Updated: November 28, 2020 8:44:46 am
India’s economy shrank for the second straight quarter through September, recording a 7.5 per cent contraction in its Gross Domestic Product (GDP) in July-September, according to data released by the National Statistical Office (NSO) Friday.
The latest data is a significant improvement over the unprecedented 23.9 per cent year-on-year contraction in April-June due to damage inflicted by the pandemic-induced lockdown. However, given that there have been two consecutive quarters of contraction, the economy is technically in recession.
While this is the case across most global economies, what could be a cause for concern is that even with a smaller rate of contraction as compared to the first quarter, the Indian economy remains one of the worst performers among major economies.
Chief Economic Adviser Krishnamurthy Subramanian said the Q2 growth numbers were encouraging but there was need for caution as well. “We should be cautiously optimistic and the caution is warranted because the economic impact that we are seeing is primarily due to the pandemic,” he said.
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During July-September, the services sector was the worst hit, with trade, hotels, transport, communication and broadcasting services posting the sharpest contraction of 15.6 per cent among the eight major sectors. It was followed by 12.2 per cent contraction in public administration, defence and other services, 8.6 per cent contraction in construction, and 8.1 per cent contraction in financial, real estate, and professional services.
Better than Q1
The manufacturing sector emerged out of the negative territory (39.3 per cent contraction in Q1) to post a 0.6 per cent growth in Q2. Agriculture, forestry and fishing also grew 3.4 per cent, same as the first quarter. Electricity, gas and other services posted a 4.4 per cent growth as against a 7 per cent contraction in the previous quarter.
With this, the GDP growth rate in April-September, the first half of this financial year, contracted by 15.7 per cent compared with a 4.8 per cent growth during the same period last year. In July-September last year, GDP had grown by 4.4 per cent.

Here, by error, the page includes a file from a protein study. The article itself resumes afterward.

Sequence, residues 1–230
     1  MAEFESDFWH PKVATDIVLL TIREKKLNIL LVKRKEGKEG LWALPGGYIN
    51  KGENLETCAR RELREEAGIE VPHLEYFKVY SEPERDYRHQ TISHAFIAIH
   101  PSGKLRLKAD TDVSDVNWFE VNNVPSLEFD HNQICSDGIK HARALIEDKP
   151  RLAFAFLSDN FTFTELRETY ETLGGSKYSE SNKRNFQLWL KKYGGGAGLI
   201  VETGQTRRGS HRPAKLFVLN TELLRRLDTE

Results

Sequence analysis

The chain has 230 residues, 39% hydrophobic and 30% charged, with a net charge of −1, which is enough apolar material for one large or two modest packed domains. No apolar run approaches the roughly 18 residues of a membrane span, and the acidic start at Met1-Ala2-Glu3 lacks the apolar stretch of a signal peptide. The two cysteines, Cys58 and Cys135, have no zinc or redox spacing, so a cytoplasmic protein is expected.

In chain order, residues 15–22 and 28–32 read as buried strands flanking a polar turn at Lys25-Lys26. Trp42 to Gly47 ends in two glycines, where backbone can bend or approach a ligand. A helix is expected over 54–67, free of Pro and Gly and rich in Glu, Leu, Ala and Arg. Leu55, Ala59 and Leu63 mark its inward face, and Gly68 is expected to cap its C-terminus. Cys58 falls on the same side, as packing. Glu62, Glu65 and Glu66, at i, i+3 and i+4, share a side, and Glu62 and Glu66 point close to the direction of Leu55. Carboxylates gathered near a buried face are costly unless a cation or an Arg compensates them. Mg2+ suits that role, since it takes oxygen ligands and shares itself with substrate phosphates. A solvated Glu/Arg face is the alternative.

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According to Subramanian, the sustainability of the economic recovery depends critically on the spread of the pandemic. “While we have crossed the peak of the first wave in September, winter months must warrant caution. In this context, I must highlight that the second wave of the Spanish pandemic, which was a pandemic as devastating as this one, was quite intensive, something therefore each one of us should keep in mind,” he said.
Subramanian further said that till the pandemic does not go ahead, some of the sectors will continue to experience demand slumps such as travel and tourism and services sectors. “Typically my stance has been neither get too exuberant nor get too pessimistic,” he said, urging for some caution in the winter months.
Economists said the improvement in GDP in the second quarter was mainly due to private sector improvement even as the government expenditure was scaled back. “Catch-up action was firm in manufacturing activity reflecting better profitability from the corporate sector, alongside farm output which benefited from timely monsoons. On the expenditure-side, better faring domestic demand (ex-public sector) was supportive, along with net exports. The key counterweight weighing on growth was fiscal spending, showing up in weak government consumption and sub-par public administration. This reflects constrained headroom for the centre as well as state governments in the first half of the year,” Radhika Rao, Senior Vice President and Economist, DBS Bank said.
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The GDP growth in nominal terms, which takes into account inflation, also recorded a contraction of 4 per cent in July-September as against a growth of 5.9 per cent last year.
Growth rate of Gross Value Added (GVA), which is GDP minus net product taxes, and reflects the income side of national accounts, declined 7 per cent in the second quarter as against a decline of 22.8 per cent in the first quarter and 4.3 per cent growth in the corresponding period last year.
The data is likely to undergo revisions as other data sources have been tapped into for estimating GDP in view of the restrictions imposed due to the Covid-19 pandemic, the NSO said. “Though the restrictions have been gradually lifted, there has been an impact on the economic activities. In these circumstances, some other data sources such as GST, interactions with professional bodies etc. were also referred to for corroborative evidence and these were clearly limited. Estimates are, therefore, likely to undergo revision, as per the release calendar,” it said.
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